NASHVILLE — Saying the nation pledged 20 years ago that "we would never forget" the Sept. 11, 2001, terrorist attacks on the country, U.S. Sen. Marsha Blackburn, R-Tenn., believes Congress needs to stand by that promise by making the date a legal public holiday.
In an effort to make it happen, the Brentwood lawmaker has introduced the "Sept. 11 Day of Remembrance Act."
"Twenty years ago, we watched as terrorists brutally attacked our nation," Blackburn said in a news release. "The United States pledged we would never forget Sept. 11, 2001. This legislation will uphold that promise to our heroes."
The legislation, filed as Senate Bill 2735, has been referred to the Senate Judiciary Committee.
U.S. Rep. Lee Zeldin, R-N.Y., said the 9/11 attacks "forever changed our lives, our nation and the world."
He noted that "as time passes, pain eases and more and more Americans are either too young to remember or were not yet born, we cannot allow the memories to fade or fail to honor the ordinary Americans who became extraordinary heroes on that September morning and in the years that followed."
Making Sept. 11 an official Day of Remembrance "will ensure that future generations recognize and appreciate the tragedy, sacrifice and resilience associated" with the date, Zeldin added.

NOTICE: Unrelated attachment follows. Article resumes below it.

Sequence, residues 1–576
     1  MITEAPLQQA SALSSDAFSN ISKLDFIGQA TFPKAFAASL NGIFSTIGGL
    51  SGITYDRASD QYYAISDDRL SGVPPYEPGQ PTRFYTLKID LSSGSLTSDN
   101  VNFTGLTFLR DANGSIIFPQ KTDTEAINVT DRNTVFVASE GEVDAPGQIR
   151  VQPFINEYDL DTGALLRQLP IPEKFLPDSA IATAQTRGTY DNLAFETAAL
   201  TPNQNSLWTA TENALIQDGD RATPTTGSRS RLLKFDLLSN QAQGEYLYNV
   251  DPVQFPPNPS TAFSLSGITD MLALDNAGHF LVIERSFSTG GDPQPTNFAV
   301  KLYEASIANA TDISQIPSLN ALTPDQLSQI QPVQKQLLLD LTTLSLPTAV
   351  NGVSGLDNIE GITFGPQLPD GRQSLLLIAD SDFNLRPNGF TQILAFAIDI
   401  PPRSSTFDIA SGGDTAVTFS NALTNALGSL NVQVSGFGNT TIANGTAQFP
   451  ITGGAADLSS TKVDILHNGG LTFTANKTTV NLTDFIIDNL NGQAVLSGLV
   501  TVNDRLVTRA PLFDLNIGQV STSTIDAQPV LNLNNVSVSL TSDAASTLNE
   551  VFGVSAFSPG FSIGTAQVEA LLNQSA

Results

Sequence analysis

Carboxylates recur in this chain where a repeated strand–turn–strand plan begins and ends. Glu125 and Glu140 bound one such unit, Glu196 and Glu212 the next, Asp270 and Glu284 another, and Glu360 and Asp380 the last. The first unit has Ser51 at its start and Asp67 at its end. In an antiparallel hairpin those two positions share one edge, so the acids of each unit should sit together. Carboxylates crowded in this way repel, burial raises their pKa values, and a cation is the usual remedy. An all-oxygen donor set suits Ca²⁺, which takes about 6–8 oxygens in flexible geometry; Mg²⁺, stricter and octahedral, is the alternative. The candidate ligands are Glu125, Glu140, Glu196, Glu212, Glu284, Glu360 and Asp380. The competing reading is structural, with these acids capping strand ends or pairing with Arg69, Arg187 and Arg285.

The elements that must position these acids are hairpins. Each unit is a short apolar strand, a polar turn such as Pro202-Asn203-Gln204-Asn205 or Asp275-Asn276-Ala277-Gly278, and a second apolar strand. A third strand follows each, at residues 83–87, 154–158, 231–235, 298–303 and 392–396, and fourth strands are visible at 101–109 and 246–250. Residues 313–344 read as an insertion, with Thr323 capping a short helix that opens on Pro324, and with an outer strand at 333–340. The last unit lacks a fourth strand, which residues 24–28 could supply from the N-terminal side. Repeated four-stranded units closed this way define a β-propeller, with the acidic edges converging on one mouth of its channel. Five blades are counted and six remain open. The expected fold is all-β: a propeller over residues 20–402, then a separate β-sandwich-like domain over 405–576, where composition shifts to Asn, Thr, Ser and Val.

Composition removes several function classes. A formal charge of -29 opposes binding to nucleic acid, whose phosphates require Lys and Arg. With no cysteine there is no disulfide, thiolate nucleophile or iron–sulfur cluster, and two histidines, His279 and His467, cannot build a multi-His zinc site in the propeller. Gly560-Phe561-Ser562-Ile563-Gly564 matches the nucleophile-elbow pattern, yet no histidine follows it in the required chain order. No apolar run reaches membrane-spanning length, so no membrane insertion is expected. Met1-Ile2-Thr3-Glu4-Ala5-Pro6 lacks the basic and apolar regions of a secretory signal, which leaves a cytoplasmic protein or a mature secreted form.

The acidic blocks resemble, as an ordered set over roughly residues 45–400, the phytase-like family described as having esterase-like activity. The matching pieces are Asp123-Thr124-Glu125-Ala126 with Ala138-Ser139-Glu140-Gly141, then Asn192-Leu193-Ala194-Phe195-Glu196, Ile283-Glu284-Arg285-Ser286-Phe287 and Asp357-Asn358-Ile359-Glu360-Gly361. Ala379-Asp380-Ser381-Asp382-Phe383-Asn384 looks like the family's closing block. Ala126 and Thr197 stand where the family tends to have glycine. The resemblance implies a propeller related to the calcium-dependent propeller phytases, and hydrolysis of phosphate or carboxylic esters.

Only Congress has authority to designate a federal holiday. The federal government now recognizes 11 annual federal holidays plus the once-every-four-years inauguration of the president when federal employees working in the Washington, D.C., area get a holiday.
During a federal holiday, non-essential federal government offices are closed and most full-time workers are paid.
While Congress' authority is restricted to the federal government institutions, stock market trading is often suspended during a federal holiday. State and local governments may choose to observe them as well, according to the federal Office of Personnel Management.
The most recently created federal holiday came June 19, 2021, when President Joe Biden signed into law legislation passed by Congress establishing the Juneteenth National Independence Day Holiday. It commemorates the emancipation of enslaved African Americans in the U.S. It is pegged to June 19, 1865, when slaves in Texas learned President Abraham Lincoln had freed them in 1863 when he issued the Emancipation Proclamation declaring "that all persons held as slaves" within the rebelling Southern states "are, and henceforward shall be free."
At the time the holiday was approved, Forbes reported that the cost of a federal holiday is $818 million, excluding the military and U.S. Postal Service.
In addition to Juneteenth, the other federal holidays are:
— New Year's Day (Jan. 1).
— Birthday of Martin Luther King Jr. (third Monday in January).
— Washington's Birthday (third Monday in February).
— Memorial Day (last Monday in May).
— Independence Day (July 4).
— Labor Day (first Monday in September).
— Columbus Day (second Monday in October).
— Veterans Day (Nov. 11).
— Thanksgiving Day (fourth Thursday in November).
— Christmas Day (Dec. 25).
Contact Andy Sher at firstname.lastname@example.org or 615-255-0550. Follow him on Twitter @AndySher1.